BALLARI : Recently, the Taranath Ayurvedic College in Ballari witnessed a scene. Its staff and students gathered at the college entrance as a body was brought out of an ambulance.
They stood before the body for a few minutes in respect and chanted a prayer before the body was taken to the dissection hall. The body was of an old woman, Leelavathi from Ranebennur, in Haveri district, who had pledged her body for medical purposes.
The man encouraging such body donations and exhorting medical colleges to treat the donors with respect is Dr Mahantesh Ramannavar, professor and HoD (Anatomy) at KLE’s Ayurveda College in Belagavi.
Dr Mahantesh (47) plays the role of a mediator between body donors and medical colleges that are in dire need of cadavers to help medical students study human anatomy. He founded the Dr Ramannavar Charitable Trust, Bailhongal in 2009, in memory of his father, who had pledged his body. The trust is regularly contacted by donors’ families and medical colleges.
What makes the donation unique is the way in which the body is treated. “Medical colleges, which approach me for bodies, have been asked to pay respect after receiving the body instead of directly taking it to dissection hall. I have made garlanding and rendering of Dhanvantari Stavan compulsory after the body is received. Through the practice of paying respect, I want to tell the people that body donation is a holy act which ultimately helps make advancements in science. I believe that paying respect to bodies will inspire more people to donate their bodies after death,” he said.
A total of 554 donors have registered to pledge their bodies through his trust. Through the trust and the Dr Ramannavar Foundation, which deals with body donation, Dr Mahantesh has facilitated donation of almost 60 bodies since 2009. He also promotes organ donation and blood donations.
The doctor, who has pledged to donate his body and inspired his family members to do so, says times have changed and the stigma attached to body donation is slowly eroding. But there are mistaken notions too.
Dr Mahantesh feels religious leaders should play a bigger role to change the mindset of people. “Some religious heads are doing it and some have even pledged their bodies. To also help some families facilitate last rites and to give them some peace of mind, I allow a part of the body, say a toe or a foot to be handed over to the donor’s family,” he adds.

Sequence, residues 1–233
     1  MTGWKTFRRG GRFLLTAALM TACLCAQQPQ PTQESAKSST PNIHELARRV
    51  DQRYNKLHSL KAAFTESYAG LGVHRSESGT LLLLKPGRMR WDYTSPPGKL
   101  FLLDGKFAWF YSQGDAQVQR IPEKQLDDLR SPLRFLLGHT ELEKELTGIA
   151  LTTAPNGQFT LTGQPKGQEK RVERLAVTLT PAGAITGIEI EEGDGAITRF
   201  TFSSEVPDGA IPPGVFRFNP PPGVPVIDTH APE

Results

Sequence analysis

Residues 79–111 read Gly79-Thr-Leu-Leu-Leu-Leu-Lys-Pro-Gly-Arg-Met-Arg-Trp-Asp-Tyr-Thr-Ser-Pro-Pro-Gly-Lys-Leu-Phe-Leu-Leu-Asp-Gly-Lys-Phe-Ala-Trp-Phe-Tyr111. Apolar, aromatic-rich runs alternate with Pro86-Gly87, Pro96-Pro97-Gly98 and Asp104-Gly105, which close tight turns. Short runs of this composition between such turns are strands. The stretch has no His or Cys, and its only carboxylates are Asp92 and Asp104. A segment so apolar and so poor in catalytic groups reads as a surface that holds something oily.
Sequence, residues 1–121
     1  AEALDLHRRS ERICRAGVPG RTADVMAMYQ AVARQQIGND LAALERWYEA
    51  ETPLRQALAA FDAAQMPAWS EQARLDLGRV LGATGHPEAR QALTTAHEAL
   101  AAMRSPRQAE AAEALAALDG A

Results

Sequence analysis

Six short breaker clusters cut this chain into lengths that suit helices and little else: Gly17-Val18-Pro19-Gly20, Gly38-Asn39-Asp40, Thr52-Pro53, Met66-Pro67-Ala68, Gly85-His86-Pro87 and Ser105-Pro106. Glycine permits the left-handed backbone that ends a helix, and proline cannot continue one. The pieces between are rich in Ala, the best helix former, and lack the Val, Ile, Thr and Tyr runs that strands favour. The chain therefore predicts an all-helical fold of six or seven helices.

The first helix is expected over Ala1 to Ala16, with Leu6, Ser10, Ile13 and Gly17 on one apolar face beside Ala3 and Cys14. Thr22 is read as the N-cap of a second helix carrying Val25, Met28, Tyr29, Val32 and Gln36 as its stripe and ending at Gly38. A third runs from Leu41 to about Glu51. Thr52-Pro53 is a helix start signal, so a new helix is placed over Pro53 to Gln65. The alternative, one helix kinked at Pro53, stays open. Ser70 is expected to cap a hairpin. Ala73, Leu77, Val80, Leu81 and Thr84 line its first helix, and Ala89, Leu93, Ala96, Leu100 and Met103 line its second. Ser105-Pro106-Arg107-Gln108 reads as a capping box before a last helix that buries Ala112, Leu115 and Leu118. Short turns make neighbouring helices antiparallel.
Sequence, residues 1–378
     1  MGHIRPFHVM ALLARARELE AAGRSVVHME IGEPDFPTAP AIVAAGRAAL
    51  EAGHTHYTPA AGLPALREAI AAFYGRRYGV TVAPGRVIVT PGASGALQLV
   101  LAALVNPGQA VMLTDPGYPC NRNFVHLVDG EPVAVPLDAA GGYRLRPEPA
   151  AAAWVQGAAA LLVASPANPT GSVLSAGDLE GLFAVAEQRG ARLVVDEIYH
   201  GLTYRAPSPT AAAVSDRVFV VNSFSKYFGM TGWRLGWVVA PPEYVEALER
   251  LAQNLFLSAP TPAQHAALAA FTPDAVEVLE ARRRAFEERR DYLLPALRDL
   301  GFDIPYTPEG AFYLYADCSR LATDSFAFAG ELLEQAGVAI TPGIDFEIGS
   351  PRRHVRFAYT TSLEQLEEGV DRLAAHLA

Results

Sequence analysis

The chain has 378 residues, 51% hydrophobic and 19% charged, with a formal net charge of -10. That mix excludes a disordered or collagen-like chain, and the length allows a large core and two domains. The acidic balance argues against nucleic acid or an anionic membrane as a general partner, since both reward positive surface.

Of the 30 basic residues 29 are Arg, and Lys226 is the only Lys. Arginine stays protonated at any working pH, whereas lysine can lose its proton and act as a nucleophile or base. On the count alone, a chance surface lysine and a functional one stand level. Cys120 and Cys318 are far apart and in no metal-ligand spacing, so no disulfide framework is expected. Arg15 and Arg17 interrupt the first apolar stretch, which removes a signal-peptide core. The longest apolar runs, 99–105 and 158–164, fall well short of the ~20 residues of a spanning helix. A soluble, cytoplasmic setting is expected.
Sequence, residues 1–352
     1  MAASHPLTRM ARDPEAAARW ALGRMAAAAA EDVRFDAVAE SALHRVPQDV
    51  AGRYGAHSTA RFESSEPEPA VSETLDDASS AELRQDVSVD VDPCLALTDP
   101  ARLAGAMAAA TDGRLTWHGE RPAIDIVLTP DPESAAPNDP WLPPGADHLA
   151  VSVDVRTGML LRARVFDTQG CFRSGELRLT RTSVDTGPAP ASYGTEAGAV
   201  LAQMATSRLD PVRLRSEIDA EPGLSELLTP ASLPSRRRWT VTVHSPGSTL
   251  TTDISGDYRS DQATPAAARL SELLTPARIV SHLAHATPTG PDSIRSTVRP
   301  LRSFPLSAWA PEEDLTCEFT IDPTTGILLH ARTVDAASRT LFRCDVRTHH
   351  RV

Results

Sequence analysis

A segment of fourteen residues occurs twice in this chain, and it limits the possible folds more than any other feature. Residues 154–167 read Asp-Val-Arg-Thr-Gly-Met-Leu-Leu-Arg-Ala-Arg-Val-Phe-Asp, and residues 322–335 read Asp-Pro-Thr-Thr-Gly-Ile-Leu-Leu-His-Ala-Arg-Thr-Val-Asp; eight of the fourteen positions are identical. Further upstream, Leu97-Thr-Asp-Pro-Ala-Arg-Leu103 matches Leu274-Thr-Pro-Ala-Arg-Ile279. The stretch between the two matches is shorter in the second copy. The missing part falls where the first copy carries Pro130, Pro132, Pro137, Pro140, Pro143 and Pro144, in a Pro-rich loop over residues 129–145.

Dr Mahantesh has earned much goodwill with his mission. Vijay Bhagwat, who donated his father’s body in 2015 as per his wish, says it resulted in over 50 people pledging their bodies too. “After my father’s body was donated, many people asked me about it and pledged to donate their bodies.”
All from Manjunath Munavalli’s family, including his 88-year-old mother, have pledged to donate their bodies. “Dr Mahantesh is the inspiration. He is the first anatomist in the world to dissect his father’s body. He has inspired people to donate bodies across the state,” said Manjunath.
Principals of medical colleges, which run allopathic and ayurvedic courses, say they are indebted to Dr Mahantesh for supplying bodies to their colleges. Dr M B Sanikop, principal of Oxford Medical College, Hospital and Research Centre, Bengaluru, said,“What Dr Mahantesh is doing is a holy act. He has been motivating many people to donate their bodies. He sends the cadaver on his own ambulance. We only give fuel expenses for his noble service.”
Students have been inspired too. Bhargavi, a first year MBBS student at the Oxford Medical College, said “We know the importance of body donation. We cannot become doctors without dissecting cadavers. I’ve also pledged my body for medical pusposes.”